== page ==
Students learn Mi'kmaw traditions through cooking class

Students at Summerside Intermediate School are learning to make traditional Mi'kmaw dishes from John Doran.

Class has students learning about what Mi'kmaq ate prior to colonization

Youdin Ledwell-Cox, a Grade 8 student at Summerside Intermediate, stirs succotash, a dish traditionally eaten by Mi'kmaq. (Sarah Keaveny Vos/CBC)

It's snack time at Summerside Intermediate School and Grade 8 student Youdin Ledwell-Cox is digging into a piping hot corn cake.

He made it himself in cooking class, with the help of John Doran, who is Mi'kmaw.

The delicate Mi'kmaw treat has been steaming in a boiling pot of water for 40 minutes.

Wrapped in a corn husk, it looks like a small, neat envelope.

The corn cakes are cooked in corn husks and taste 'kind of … like a potato' according to Ledwell-Cox. (Sarah Keaveny Vos)

"This is a traditional corn cake that just has the corn and some water and it's baked in the corn husks," explains Doran.

Ledwell-Cox peels back the yellow husk, revealing the soft corn cake inside and carefully takes his first bite.

"It's definitely a good presentation. It looks and kind of tastes like a potato, it's good," he said.

Learning Indigenous history through the arts

This unique cooking class teaches students about traditional food eaten by the Mi'kmaq before colonization.

Led by Doran, a Sixties Scoop survivor and assistant professor of Indigenous education at UPEI, it's part of a new Arts Smarts program at the school, teaching the history of Canada's Indigenous peoples through the arts.

What better way to learn than by eating?— John Doran

In this case, it's the culinary arts.

"There are even Mi'kmaw people themselves who have forgotten that we had our own corn, our own maize, that we planted it," Doran said. 

"When [Jacques] Cartier sailed through in 1534, he took great note of the miles and miles of Mi'kmaw corn that grew here on the Island. And it's a beautiful little corn."

Meaning behind each dish

Today's main course is succotash, made with fresh green and yellow beans and corn.

And to drink? A strawberry puree similar to a smoothie.

As Doran shares the recipes, he also talks about the meaning behind each dish.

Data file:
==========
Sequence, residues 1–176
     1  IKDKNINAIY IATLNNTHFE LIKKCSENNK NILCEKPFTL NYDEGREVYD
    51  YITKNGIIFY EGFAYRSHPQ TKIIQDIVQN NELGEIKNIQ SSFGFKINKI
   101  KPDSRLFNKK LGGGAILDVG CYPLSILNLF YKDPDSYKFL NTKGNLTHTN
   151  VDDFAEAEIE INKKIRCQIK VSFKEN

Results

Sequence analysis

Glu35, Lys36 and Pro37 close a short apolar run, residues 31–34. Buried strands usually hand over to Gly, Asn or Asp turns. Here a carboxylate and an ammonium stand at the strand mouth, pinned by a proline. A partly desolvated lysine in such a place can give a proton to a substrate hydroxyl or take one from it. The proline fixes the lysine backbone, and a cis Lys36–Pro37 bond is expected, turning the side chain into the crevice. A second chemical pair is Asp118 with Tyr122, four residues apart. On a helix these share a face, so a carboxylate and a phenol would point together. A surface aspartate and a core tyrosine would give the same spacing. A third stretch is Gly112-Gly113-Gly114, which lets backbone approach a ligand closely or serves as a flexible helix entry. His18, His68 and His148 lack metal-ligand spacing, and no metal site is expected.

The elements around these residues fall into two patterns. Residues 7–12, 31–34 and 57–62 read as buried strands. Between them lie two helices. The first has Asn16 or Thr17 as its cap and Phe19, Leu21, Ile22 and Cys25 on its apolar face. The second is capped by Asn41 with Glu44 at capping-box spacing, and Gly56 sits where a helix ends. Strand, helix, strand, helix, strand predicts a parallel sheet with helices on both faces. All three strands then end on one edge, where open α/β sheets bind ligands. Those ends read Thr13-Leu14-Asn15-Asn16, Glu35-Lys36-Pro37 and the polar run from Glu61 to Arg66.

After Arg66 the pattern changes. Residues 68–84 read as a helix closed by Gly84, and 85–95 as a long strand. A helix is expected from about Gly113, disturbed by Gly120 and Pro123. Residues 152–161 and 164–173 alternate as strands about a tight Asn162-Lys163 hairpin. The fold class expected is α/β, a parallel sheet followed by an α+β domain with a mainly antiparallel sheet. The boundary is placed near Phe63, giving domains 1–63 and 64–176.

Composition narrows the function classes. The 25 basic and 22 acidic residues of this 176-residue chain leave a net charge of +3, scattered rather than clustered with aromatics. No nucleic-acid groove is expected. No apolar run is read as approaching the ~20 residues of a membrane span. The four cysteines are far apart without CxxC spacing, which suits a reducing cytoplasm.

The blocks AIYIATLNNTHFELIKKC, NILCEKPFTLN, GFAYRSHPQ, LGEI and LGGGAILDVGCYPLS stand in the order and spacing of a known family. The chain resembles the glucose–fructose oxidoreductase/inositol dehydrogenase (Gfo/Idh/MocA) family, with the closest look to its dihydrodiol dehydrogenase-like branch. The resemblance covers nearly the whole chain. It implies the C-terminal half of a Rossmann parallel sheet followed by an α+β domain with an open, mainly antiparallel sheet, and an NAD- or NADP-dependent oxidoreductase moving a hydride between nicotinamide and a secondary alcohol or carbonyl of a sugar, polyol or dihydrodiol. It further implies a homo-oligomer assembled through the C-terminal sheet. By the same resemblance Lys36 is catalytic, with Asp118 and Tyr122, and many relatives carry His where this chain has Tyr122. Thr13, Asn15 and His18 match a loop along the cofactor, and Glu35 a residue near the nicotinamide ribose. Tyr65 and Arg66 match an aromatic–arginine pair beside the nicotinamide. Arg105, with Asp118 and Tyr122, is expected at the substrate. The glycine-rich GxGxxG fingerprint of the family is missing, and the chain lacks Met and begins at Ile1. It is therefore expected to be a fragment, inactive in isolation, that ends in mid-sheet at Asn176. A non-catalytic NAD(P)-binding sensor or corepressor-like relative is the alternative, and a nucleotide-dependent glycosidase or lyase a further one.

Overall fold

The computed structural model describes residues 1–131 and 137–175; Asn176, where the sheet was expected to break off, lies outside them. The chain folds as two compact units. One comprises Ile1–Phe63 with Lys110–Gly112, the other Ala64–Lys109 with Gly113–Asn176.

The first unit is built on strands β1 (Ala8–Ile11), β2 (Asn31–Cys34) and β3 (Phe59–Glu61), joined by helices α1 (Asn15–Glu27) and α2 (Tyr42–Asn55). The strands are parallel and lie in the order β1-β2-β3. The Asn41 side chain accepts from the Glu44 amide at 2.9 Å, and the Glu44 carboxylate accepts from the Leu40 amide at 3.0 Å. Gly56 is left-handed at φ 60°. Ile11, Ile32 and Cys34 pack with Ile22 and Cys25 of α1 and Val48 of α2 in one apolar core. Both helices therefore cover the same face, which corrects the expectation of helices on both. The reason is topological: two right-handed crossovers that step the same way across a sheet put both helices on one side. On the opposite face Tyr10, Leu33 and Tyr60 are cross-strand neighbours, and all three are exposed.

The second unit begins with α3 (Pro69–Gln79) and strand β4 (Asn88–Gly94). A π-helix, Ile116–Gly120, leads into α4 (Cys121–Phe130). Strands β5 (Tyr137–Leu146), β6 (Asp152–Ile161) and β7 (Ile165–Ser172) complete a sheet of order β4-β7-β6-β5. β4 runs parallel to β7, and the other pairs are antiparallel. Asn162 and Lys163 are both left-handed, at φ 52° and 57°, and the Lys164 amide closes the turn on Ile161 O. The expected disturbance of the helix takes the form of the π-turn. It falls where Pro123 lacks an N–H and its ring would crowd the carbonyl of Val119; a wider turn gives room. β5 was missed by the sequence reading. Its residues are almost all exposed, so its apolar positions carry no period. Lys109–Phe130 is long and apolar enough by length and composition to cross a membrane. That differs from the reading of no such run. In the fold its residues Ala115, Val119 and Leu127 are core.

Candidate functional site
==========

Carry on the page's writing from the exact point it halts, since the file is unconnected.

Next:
The students are making succotash with fresh green and yellow beans and corn. (Sarah Keaveny Vos/CBC)

"There are many stories about how sacred the strawberries are. The teaching is that they bring about peace. Their sweetness stops arguments," he said.

"Some people call them heart berries, because they're shaped like a heart . They're supposed to give you that love and forgiveness. They're a symbol of it."

Hands-on learning

Fourteen-year-old Kennah Brant stirs her succotash with a smile.

"It was meaningful to me because I'm Mohawk. We don't have a lot of recipes in my family, but it was good to see other cultures still holding onto theirs and other tribes still holding on to their culinary [traditions]," she said.

"I love my culture … so I really appreciated this."

Kennah Brant, who is Mohawk, says learning about Mi'kmaw traditions gives her a deep sense of pride in her own identity. (Sarah Keaveny Vos/CBC)

Ledwell-Cox, who is part Cree, is also hoping to do his part to keep these traditional recipes alive.

"I definitely prefer lessons that are hands on. You're basically the lesson. You're doing it and you're understanding it as you go," he said.

"I definitely find it meaningful because my dad went to residential school. I just find it good that there are people in my class, they kind of learn about it. So they understand it further and just how it was a part of what Canada has been through."

Brant said learning about Mi'kmaw cultural traditions gives her a deep sense of pride.

"I've enjoyed it a lot. It's good that all my peers are learning about all this stuff. I'm always comfortable with who I am, and other people learning about all this is really helpful," she said.

"I've always kind of struggled with explaining it to people, but now that we're learning it at school and in an environment where everyone's learning, it's way easier."

'The way learning should look'

Vicki Allen-Cook, the arts education and creativity curriculum leader at the Department of Education, helps lead the Arts Smarts program and was delighted to watch students bustling around the kitchen.

Vicki Allen-Cook says the class offers 'natural learning,' which has the students engaged. (Sarah Keaveny Vos/CBC)

"This is the way learning should look. Just listening to them today. They are so engaged, the learning that's happening," she said.

"You can feel the whole environment just being totally electrified by the way that they're learning at this moment. This is natural learning. It's so instinctive."

'What better way to learn than by eating?'

With the cooking finished, the meal is served.

Doran looks around the table to see students happily enjoying a feast of traditional food and his smile says it all.

"Oh, it's just fantastic. I hope they go home and show their families. It's so important that people know about this," he said.

"And what better way to learn than by eating?"

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Sarah Keaveny Vos is a P.E.I. native who graduated from the University of King's College in Halifax. N.S., with a Bachelor of Journalism degree. Sarah has won regional, national and international awards for her work and loves sharing stories of Islanders doing meaningful and inspiring things in their communities. You can email her at